DENVER (Legal Newsline) - Opponents of a nearly $1.5 billion hospital transaction say Colorado Attorney General John Suthers was wrong to approve the deal.
Plaintiffs Richard L. Anderson, Stephanie Allen, Dr. James N. Dreisbach, Nicholas G. Muller, Dr. Ray Blum, Dr. K. Mason Howard, Dr. Susan E. Ljunhag, Dr. Richard Schaler and Dr. Richard Parker filed the lawsuit in Denver District Court Monday.
According to their 25-page complaint, the plaintiffs served as directors of HealthONE or the Colorado Health Foundation, were involved in the creation and governance of the joint venture or have had "extensive involvement" with the HealthOne hospital system, including being on its medical staff.
The plaintiffs are seeking an order from the court directing the Attorney General's Office to withdraw and reconsider its Oct. 13 decision to approve the transaction and "examine the Foundation/HCA Transaction anew."
Last month, Suthers signed off on HCA Holdings Inc.'s proposed acquisition of the foundation's interest in the HCA-HealthONE hospital system.
Suthers said he determined that the transaction is "in the public interest" and that the $1.45 billion sale price is a fair market price.
The attorney general noted his decision was dependent on a series of conditions and modifications to the initially proposed transaction, to which the parties have already agreed. They include:
- A guarantee that none of the seven acute-care hospitals will close in the next five years;
- The board of community trustees will continue for an additional five years beyond the 10 years laid out in the original proposed transaction;
- The indigent care policy and the community benefit program will continue for an additional five years beyond the 10 years laid out in the original proposed transaction;
- The $12 million initially earmarked for the community benefit program will be compounded annually at the rate of increase in the Medicare reimbursement rate for 10 years and would not decrease even if the Medicare reimbursement rate does; and
- Suther's office will mediate any disputes that arise concerning the non-compete agreement prior to the filing of any litigation.
"These requirements will not only ensure that those that rely on the HealthONE hospital system will continue to have access to quality health care, but they also will leave intact the programs that have made these hospitals an invaluable asset for the community," Suthers said at the time.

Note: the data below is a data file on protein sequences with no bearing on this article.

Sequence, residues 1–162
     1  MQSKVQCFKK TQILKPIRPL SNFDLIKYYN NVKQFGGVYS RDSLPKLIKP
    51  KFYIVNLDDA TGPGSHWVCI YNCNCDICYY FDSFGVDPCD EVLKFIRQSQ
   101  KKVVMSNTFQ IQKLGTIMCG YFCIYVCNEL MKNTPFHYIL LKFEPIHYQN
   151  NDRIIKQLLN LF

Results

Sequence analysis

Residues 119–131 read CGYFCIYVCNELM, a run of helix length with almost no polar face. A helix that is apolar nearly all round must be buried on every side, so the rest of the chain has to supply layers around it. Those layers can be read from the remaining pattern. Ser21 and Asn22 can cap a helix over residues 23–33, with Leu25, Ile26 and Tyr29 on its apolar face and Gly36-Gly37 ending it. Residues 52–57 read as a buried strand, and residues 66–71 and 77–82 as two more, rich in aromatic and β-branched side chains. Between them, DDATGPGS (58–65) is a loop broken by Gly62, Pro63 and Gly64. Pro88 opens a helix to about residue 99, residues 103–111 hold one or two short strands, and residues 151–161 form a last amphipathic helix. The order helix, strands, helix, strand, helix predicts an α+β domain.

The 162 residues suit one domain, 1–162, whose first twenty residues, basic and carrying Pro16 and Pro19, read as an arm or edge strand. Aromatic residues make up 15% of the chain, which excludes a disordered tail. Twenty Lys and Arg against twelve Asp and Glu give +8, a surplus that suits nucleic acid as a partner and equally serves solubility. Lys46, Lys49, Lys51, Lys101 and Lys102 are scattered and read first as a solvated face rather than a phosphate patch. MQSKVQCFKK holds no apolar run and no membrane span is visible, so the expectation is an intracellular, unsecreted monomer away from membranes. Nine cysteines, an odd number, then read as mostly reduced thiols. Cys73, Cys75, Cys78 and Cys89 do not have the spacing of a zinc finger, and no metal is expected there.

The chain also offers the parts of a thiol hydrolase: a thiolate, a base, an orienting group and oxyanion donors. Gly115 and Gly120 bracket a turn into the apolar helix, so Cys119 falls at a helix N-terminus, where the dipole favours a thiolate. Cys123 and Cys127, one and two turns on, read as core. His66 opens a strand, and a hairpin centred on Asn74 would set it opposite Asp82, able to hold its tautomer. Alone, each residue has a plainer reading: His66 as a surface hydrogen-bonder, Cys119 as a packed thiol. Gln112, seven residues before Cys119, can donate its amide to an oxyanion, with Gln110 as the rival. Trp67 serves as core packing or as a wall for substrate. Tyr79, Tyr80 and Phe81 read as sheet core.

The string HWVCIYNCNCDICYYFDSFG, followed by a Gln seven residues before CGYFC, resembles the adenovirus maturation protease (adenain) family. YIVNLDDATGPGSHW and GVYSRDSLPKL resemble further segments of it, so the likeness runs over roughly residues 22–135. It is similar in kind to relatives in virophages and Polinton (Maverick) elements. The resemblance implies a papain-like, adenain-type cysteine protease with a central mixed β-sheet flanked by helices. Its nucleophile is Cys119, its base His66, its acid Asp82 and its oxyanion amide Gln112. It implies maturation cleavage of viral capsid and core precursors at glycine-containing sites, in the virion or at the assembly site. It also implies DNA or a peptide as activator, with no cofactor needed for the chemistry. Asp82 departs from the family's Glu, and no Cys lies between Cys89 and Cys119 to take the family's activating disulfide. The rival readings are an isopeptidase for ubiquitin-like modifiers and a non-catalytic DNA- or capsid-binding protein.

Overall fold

"This transaction is in the public interest. I am confident that the hospital system as well as the Colorado Health Foundation will continue to be viable and highly beneficial community assets."
His decision followed a series of public hearings at the Rose Medical Center and Sky Ridge Medical Center campuses in September.
But those opposed to the deal argue that by approving the transaction, Suthers vested HCA with "complete control and ownership" of seven of the "most respected and venerable hospitals" in the Denver area.
"All future decisions concerning the Joint Venture and its hospitals, including such critical matters as whether to sell the hospitals or to limit the range of medical care historically furnished by the hospitals, will be made by HCA and by HCA alone," the plaintiffs wrote.
"The Foundation which, since the formation of the Joint Venture in 1995, had been vested with a level of control over these and other critical matters equivalent to the level of control vested in HCA, no longer will have any control."
That means the future of the joint venture and its hospitals will be dictated by HCA's decisions and what best serves the interests of its stockholders, they argue.
"For these reasons, the effectuation of the Foundation/HCA Transaction means that there no longer will be any entity -- such as the Foundation -- whose mission entails speaking up for and representing the interests of Colorado's citizenry which may be threatened by, or differ from, the interests of HCA's stockholders," the plaintiffs wrote.
From Legal Newsline: Reach Jessica Karmasek by email at email@example.com.